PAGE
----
Current Best Practices in corporate crisis management include:
Don't underestimate the role of corporate culture: Establish a code of ethics and a clear articulation of expected business practices and hold all employees accountable to them.
Be prepared: Have a crisis management plan in place and review/update it semi-annually; have a company policy on representing the company or sharing its proprietary information on social media forums, particularly in times of crisis.
Know your crisis response team: Have a properly trained team of executives identified and their crisis roles defined before an event happens.
Move quickly to assess the severity of the crisis: Gather pertinent information, identify the "knowns vs. unknowns," and learn the command structure/process/timing of any involved outside authorities.
Do not delay your first communication: Releasing official information gives you greater control over the messaging and the opportunity to debunk any misinformation circulating – but stick to facts and don't speculate.
Control your messages: Even the most well-spoken executive should not attempt to "shoot from the hip" when engaging stakeholders in the event of a crisis; prepare key messages, brief the spokesperson(s), and keep them fully updated on all new information.
Be accessible, transparent, and honest: Get all the bad news out as quickly as possible and do not try to “spin” bad news.
Leverage technology to engage constituencies directly and have IT redundancies in place: Have a ready-to-populate crisis microsite built out in advance of a crisis so that it can go live quickly with important information when a crisis happens; have backup processes in place for communicating with employees and other stakeholders should a natural disaster or other accident take network servers down; leverage Twitter for engaging constituencies and monitoring prevailing sentiments on situation.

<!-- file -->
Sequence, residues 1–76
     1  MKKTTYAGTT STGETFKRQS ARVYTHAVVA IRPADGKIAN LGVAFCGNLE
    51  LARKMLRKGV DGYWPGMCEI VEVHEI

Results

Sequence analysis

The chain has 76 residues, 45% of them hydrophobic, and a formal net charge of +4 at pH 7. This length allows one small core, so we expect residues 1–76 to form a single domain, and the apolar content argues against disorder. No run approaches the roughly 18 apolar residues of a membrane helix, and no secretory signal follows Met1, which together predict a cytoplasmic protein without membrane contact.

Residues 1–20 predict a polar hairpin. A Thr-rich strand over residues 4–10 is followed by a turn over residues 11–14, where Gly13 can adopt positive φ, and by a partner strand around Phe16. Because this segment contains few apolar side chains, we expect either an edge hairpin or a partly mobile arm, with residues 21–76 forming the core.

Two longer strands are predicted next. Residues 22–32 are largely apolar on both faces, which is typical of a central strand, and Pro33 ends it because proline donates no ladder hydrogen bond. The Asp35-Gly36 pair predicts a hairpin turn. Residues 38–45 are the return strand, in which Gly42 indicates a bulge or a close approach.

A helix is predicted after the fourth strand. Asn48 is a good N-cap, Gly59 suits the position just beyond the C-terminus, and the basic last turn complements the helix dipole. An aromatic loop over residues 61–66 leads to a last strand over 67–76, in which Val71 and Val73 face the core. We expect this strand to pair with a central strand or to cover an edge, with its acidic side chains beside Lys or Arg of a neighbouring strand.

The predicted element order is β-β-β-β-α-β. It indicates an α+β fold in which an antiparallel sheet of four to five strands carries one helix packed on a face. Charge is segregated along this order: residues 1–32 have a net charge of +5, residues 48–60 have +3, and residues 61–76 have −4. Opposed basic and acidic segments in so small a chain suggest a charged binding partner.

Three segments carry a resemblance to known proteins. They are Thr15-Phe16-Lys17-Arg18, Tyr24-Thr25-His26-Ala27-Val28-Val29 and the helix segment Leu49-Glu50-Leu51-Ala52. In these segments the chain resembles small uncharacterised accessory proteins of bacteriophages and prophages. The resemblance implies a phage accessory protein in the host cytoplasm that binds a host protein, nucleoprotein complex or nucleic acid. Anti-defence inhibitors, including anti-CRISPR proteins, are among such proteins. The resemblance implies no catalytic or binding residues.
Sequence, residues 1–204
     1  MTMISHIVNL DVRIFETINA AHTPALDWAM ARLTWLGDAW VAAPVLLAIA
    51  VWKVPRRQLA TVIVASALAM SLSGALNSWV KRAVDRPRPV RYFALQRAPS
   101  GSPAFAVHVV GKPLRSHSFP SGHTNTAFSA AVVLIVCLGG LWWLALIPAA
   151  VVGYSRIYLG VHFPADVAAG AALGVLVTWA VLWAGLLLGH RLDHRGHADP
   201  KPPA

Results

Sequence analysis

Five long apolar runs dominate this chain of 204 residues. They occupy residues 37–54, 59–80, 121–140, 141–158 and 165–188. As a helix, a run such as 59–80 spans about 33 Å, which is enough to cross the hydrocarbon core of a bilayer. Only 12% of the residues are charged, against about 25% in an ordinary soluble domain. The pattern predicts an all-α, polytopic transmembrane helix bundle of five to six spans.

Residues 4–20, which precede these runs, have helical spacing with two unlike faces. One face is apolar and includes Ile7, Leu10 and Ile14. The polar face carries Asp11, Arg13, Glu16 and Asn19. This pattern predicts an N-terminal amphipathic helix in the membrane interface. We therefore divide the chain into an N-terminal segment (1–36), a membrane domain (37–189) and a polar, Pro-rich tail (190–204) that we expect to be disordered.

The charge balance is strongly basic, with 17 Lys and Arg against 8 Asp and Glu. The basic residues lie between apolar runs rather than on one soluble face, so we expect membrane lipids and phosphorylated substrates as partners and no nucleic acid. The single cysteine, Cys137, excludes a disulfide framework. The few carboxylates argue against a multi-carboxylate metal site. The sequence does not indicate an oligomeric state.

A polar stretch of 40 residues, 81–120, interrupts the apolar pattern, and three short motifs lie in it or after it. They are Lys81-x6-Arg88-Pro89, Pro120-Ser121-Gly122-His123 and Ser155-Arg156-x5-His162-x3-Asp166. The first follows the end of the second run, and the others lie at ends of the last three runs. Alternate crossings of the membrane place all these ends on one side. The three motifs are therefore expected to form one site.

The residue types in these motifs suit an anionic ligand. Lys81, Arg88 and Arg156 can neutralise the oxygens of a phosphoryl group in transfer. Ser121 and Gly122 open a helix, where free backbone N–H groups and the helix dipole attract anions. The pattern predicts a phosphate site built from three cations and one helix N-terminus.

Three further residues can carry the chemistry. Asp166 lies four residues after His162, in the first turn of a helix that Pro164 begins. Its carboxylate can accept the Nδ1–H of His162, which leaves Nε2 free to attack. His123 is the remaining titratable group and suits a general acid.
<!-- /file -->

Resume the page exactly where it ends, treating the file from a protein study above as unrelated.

Be accountable: Accept responsibility and provide next steps on how the company will remedy the immediate situation and help affected parties. Do not shift blame or stonewall.
Know when to seek expert help: Effective crisis management can prevent a bad situation from getting worse – and a poorly orchestrated response will do the opposite. Bring in outside crisis counsel with the experience and expertise to lessen the short- and long-term reputational damage. Don't allow the legal team alone to control the corporate response – they're solely focused on protecting your legal flank, not your brand.
Identify third parties to advocate on your behalf: Seek and provide credible, trusted third parties willing to engage reporters or provide supportive messaging.